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Aquarium Conservation and Research

The Aquarium of the Pacific actively participates in a wide variety of conservation and research projects aimed at enhancing the understanding of animals in zoos and aquariums and the conservation of species in the wild.

Some of these efforts take the form of field work, such as our whale identification and sea turtle tracking programs and projects undertaken by our scientific divers; others involve studying the animals in the Aquarium’s collection. The Aquarium actively seeks partnerships with universities, non-profit organizations, government agencies, and other individuals or organizations with a shared interest.

The Aquarium has a policy in place to manage collaborative research projects with scientists and researchers from other institutions. By offering its resources, including animals and exhibits, for use in scientific research, the Aquarium helps contribute to our collective knowledge about marine life and improve conservation efforts.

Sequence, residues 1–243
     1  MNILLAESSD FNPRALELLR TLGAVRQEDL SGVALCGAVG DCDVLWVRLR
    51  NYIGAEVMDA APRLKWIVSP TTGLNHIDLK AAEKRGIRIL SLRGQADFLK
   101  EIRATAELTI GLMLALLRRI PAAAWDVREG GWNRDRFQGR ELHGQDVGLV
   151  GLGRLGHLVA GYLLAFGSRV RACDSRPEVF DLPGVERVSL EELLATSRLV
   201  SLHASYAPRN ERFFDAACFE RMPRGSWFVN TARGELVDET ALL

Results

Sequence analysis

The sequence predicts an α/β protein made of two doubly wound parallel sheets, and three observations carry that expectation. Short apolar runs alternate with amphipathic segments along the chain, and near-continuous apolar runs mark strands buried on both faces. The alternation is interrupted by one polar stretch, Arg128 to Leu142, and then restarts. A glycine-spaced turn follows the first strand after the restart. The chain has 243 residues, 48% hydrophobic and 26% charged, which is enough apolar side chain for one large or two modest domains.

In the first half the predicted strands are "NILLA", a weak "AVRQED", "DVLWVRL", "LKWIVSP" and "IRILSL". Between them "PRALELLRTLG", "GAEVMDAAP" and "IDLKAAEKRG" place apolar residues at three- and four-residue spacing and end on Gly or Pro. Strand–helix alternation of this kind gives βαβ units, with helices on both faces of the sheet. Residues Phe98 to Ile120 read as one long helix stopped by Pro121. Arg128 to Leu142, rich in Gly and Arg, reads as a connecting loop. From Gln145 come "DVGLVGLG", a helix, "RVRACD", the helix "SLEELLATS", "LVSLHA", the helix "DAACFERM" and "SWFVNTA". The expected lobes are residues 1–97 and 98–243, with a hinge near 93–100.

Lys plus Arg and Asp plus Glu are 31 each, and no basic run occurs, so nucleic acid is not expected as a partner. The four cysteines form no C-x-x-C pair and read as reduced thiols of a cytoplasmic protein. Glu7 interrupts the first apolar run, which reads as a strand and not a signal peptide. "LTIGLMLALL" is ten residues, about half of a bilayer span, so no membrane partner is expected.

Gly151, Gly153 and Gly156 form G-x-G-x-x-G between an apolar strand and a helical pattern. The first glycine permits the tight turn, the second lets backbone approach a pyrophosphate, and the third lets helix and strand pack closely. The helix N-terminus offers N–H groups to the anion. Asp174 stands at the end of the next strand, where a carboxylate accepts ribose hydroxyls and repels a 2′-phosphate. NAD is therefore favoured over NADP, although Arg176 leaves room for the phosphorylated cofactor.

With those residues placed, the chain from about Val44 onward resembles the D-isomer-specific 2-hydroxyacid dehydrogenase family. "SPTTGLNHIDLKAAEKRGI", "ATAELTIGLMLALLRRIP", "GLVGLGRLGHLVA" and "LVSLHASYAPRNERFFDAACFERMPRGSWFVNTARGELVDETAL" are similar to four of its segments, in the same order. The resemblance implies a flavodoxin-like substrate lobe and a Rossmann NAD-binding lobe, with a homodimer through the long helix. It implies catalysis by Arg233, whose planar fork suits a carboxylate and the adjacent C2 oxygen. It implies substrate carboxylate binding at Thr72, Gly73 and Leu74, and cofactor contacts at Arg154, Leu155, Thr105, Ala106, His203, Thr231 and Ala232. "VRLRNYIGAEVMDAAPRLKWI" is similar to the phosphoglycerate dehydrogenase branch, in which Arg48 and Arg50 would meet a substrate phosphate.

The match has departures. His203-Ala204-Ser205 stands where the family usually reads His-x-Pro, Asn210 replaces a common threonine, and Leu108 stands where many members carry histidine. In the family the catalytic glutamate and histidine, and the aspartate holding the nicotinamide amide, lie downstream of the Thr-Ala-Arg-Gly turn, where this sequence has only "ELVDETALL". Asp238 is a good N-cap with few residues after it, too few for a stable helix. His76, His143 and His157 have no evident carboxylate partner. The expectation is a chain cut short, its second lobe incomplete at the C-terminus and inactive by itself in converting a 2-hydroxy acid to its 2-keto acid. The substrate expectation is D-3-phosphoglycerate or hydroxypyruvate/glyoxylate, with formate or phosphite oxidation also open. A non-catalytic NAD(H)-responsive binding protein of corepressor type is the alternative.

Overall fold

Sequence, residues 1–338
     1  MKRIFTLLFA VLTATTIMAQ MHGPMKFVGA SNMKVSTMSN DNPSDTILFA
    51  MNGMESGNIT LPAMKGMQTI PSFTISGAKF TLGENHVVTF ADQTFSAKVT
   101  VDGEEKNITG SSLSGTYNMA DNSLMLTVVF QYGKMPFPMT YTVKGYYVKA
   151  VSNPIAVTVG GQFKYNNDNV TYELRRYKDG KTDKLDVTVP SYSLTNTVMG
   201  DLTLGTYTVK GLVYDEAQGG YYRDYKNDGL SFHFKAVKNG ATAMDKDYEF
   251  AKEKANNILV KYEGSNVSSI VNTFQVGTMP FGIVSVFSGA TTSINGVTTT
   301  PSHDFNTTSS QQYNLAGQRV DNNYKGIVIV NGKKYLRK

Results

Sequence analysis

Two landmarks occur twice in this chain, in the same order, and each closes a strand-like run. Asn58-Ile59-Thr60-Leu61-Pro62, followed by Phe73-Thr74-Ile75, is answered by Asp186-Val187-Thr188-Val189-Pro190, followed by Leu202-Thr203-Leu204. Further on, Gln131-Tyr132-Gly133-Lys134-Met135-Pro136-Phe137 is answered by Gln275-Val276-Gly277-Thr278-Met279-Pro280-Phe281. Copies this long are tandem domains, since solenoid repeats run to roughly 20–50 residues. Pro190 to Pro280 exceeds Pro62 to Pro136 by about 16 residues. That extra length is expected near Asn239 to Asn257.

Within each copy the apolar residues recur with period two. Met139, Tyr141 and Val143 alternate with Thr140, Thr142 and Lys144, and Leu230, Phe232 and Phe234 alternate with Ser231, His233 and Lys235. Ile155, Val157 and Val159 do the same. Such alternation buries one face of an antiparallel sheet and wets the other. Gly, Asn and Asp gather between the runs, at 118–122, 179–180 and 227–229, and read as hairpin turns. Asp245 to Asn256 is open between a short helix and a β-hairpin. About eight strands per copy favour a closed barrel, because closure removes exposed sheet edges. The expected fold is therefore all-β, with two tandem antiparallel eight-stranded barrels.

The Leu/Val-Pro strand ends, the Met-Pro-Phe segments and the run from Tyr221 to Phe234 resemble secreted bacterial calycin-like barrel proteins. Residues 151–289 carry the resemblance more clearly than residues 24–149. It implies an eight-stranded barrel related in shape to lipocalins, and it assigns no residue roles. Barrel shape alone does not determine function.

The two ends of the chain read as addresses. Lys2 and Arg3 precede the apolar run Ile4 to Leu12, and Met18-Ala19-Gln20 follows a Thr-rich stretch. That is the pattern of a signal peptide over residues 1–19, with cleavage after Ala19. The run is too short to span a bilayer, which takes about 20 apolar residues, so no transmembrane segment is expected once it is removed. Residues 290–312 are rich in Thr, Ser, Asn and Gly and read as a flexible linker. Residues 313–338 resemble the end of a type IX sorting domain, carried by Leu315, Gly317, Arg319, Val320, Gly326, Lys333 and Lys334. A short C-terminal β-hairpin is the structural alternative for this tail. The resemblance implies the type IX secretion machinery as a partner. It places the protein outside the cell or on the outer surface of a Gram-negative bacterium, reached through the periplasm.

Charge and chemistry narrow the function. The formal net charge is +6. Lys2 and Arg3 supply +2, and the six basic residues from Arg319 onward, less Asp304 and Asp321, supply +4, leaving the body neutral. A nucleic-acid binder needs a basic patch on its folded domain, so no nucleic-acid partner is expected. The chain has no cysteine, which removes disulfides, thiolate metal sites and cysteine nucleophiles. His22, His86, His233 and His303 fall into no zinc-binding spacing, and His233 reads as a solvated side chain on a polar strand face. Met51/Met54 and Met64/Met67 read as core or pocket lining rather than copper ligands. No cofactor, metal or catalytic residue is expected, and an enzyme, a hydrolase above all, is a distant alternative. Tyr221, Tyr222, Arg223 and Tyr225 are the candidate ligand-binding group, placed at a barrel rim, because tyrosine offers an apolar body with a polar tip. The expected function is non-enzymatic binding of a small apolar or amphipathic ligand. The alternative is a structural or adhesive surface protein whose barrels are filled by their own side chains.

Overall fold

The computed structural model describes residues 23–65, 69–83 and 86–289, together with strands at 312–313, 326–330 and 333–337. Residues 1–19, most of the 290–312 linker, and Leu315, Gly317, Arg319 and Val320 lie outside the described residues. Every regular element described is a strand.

Scientists and researchers can submit a request to conduct research at the Aquarium, and proposals are reviewed by the Aquarium’s Scientific Advisory Committee. This committee ensures that projects do not threaten the health and welfare of the Aquarium’s animals or staff, do not have a negligible effect on the visitor experience at the Aquarium, and support the Aquarium’s mission. Research activities must conform to research policy and guidelines set out by the Association of Zoos and Aquariums.

Since our founding in 1998, the Aquarium has participated in a diverse array of over 50 conservation and research projects, from assisting a researcher studying the role of smell in the lives of Crested Auklet birds to helping graduate students study the abundance of round stingrays in local waters.


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